A few years ago, I participated in a meeting to discuss best practices in Public-Private Partnership (PPP) regulation. There was no shortage of examples. In fact, PPP practitioners were eager to share their experiences from countries around the world, but we did not have a systematic way to make all that information accessible to policy makers. Moreover, at the time, I kept thinking that there were many more good examples beyond those we were sharing at the meeting.
The lack of systematic data on the quality of PPP regulation was a serious issue. What we needed was a comprehensive way to go beyond individual examples. How could we collect available information, organise it in a rigorous and systematic way, and make it all accessible to policy makers?
A new report, Procuring Infrastructure PPPs 2018, is designed to address that data gap and help governments make informed policy decisions. By benchmarking the regulatory frameworks of economies around the world against internationally recognised good practices in procuring PPPs, this assessment identifies a number of key areas of improvement in the preparation, procurement, contract management, and treatment of unsolicited proposals.
The report puts data at our fingertips that have not only been scrutinised for consistency, but also makes it easily comparable. Reliable, systematic data can help policy makers allocate resources more wisely in areas that deserve more attention. For example, one of the most discussed topics among PPP practitioners has been the lack of well-prepared PPP projects and most of them agree that a sound appraisal of a project requires at least seven assessments during preparation phase: (1) socioeconomic analysis; (2) fiscal affordability; (3) environmental assessment; (4) risk identification; (5) financial viability; (6) comparative assessment with traditional procurement; and (7) market sounding. These assessments would help gauge the procurement authorities’ understanding of the key elements of the project, enabling them to properly structure the project and design the draft PPP contract. This would then ensure a project of optimal quality most likely to attain financial closure.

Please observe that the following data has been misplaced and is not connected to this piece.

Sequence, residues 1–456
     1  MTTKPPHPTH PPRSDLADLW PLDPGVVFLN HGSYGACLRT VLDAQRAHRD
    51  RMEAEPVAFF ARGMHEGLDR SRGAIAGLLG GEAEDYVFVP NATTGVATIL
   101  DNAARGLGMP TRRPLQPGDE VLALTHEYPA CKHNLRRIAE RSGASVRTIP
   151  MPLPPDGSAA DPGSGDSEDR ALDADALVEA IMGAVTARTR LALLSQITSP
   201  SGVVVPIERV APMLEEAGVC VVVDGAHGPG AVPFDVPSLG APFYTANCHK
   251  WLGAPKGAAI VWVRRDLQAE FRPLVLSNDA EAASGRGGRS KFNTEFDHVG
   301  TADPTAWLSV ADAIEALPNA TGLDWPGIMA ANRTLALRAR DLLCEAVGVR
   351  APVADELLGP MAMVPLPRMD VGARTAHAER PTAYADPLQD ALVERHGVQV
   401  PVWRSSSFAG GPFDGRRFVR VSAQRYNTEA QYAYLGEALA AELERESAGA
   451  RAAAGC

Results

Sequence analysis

However, we knew very little about how countries typically addressed requirements for the relevant government agencies to perform those assessments during preparation phase, or how they developed methodologies to provide guidance and guarantee consistency across PPP projects.
Data compiled for 135 economies reveal that most perform six out of the seven assessments that are considered recognised good practices (see Figure 1)—the exception is market sounding for potential investors. However, less than one-third of the economies have developed specific methodologies for conducting such assessments. Only 11 economies among the 135 economies surveyed provide specific methodologies for all seven assessments measured by the report (Canada, Germany, Ireland, Lithuania, Netherlands, New Zealand, Peru, Philippines, Slovakia, South Africa, and the United Kingdom).
Most PPP practitioners agree that the disclosure and publication of the assessments allow all stakeholders to gain a full understanding of the projects. Moreover, the transparency achieved by publishing the assessments is likely to exert pressure on the procuring authority to choose the right projects, reducing the scope for inefficiencies and potential corruption. Similarly, it can help bidders make informed bidding decisions and submit better prepared bids.
For these reasons, this year’s survey also inquired about whether the required assessments are made available to the public and published online. Procuring Infrastructure PPPs 2018 reveals that only a small percentage of economies (22 percent) make the assessments available online. This is only one of many areas of improvement identified in the report, and only one of 55 data points assessed in the survey in 135 economies.
I am very hopeful that by providing these data, Procuring Infrastructure PPPs 2018 will enrich the debate on PPPs and help to increasingly get PPPs right so that people in countries around the world can gain access to much-needed, quality infrastructure services.
This article originally appeared on the World Bank Blogs website